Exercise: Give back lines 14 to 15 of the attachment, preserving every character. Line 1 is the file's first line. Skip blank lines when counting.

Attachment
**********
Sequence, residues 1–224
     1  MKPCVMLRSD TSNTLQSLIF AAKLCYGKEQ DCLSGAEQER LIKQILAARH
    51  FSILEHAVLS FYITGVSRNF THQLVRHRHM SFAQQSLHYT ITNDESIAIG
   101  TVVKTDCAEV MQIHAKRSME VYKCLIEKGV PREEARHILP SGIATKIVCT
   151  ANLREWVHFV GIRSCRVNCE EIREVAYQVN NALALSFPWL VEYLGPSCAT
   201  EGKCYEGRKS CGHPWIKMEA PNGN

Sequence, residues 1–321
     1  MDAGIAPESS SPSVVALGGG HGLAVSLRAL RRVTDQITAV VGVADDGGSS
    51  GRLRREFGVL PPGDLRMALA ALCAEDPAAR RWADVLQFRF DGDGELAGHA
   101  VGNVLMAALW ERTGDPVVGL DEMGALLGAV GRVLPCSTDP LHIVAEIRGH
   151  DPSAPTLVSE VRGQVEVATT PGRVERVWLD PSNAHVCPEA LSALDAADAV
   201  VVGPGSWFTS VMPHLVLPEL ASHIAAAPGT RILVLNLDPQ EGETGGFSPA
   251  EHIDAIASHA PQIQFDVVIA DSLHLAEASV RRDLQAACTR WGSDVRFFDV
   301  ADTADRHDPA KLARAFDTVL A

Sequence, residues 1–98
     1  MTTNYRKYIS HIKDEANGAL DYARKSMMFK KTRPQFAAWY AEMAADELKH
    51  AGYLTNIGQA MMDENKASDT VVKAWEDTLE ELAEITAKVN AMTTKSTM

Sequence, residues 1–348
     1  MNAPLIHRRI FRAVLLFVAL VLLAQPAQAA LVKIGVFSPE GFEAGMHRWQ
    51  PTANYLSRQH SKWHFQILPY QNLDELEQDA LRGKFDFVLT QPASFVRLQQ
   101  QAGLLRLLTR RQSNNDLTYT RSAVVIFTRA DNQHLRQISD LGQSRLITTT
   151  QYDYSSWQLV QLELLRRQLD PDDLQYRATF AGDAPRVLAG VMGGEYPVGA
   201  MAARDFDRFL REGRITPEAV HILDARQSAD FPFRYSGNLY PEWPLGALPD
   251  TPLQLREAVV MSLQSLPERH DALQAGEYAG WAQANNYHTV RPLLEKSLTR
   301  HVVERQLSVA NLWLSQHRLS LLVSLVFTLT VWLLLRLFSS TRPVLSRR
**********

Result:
   301  ADTADRHDPA KLARAFDTVL A

Sequence, residues 1–98